Obviously, war against the Others and their wights will be necessary — but it’s striking that the only necessary war Martin allows for is one that can’t possibly have a counterpart in real life. We have no white walkers to worry about. We only have each other.
The above quote is my contribution to a provocative thread on how Martin’s characters “wage peace,” started by Westeros.org’s Elio García in response to the Curt Purcell post I talked about earlier.
I would also add that part and parcel of how Martin has humanized epic fantasy by fleshing out heroes and villains into characters less easy to identify as either is similarly fleshing out the humanity of the people who die in the wars waged between the two. That’s why it’s so weird to me to see people endorsing Tywin Lannister or, god help me, Roose Bolton as a superior ruler to Daenerys Targaryen or Eddard Stark — or to see people arguing that Victarion Greyjoy — wifebeater, gaybasher, rapist, war criminal, mass murderer — is the Prince Who Was Promised or Azor Ahai reborn. These men dehumanize others, and humanizing others is the project of the entire series.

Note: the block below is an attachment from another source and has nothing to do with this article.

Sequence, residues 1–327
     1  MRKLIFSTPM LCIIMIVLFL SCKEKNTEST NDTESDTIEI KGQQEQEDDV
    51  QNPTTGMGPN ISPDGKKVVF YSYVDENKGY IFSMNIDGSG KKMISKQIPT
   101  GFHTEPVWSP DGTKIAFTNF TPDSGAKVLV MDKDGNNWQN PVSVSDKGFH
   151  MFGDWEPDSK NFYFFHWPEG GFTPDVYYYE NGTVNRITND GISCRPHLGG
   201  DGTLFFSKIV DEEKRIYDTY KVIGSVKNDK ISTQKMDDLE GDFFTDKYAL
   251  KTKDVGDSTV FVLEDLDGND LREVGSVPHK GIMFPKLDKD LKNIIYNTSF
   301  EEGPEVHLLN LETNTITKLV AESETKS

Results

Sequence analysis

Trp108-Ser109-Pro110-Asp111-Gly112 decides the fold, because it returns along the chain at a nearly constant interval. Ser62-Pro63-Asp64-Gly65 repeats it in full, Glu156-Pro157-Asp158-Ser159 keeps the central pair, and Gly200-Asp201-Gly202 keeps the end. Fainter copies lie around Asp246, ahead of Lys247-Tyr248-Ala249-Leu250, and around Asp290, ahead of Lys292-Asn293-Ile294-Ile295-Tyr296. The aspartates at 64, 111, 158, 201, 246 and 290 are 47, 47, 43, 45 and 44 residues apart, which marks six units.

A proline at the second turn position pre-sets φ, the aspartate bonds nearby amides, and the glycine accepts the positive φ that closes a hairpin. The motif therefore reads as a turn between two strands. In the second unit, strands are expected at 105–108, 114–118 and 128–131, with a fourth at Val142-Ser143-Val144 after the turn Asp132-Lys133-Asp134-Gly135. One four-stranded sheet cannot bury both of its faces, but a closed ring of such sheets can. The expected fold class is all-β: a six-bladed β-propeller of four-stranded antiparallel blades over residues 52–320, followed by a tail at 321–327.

btvs appreciation week • day one: favourite character
Anonymous asked: I read your Winter Soldier analysis, and I have a question : you say that "There’s a reason his code name is drawn from an investigation into one of the ugliest chapters of American history." Please help a non-American understand what you meant? I mean I obviously see the Cold War reference in the movie, but from what you've written it seems like something more subtle *within* the Cold War... shit, I mean just "Cold War" seems too evident and I can't find the deeper meaning?
Oh gosh, don’t feel bad, there are plenty of Americans who have never even heard of this.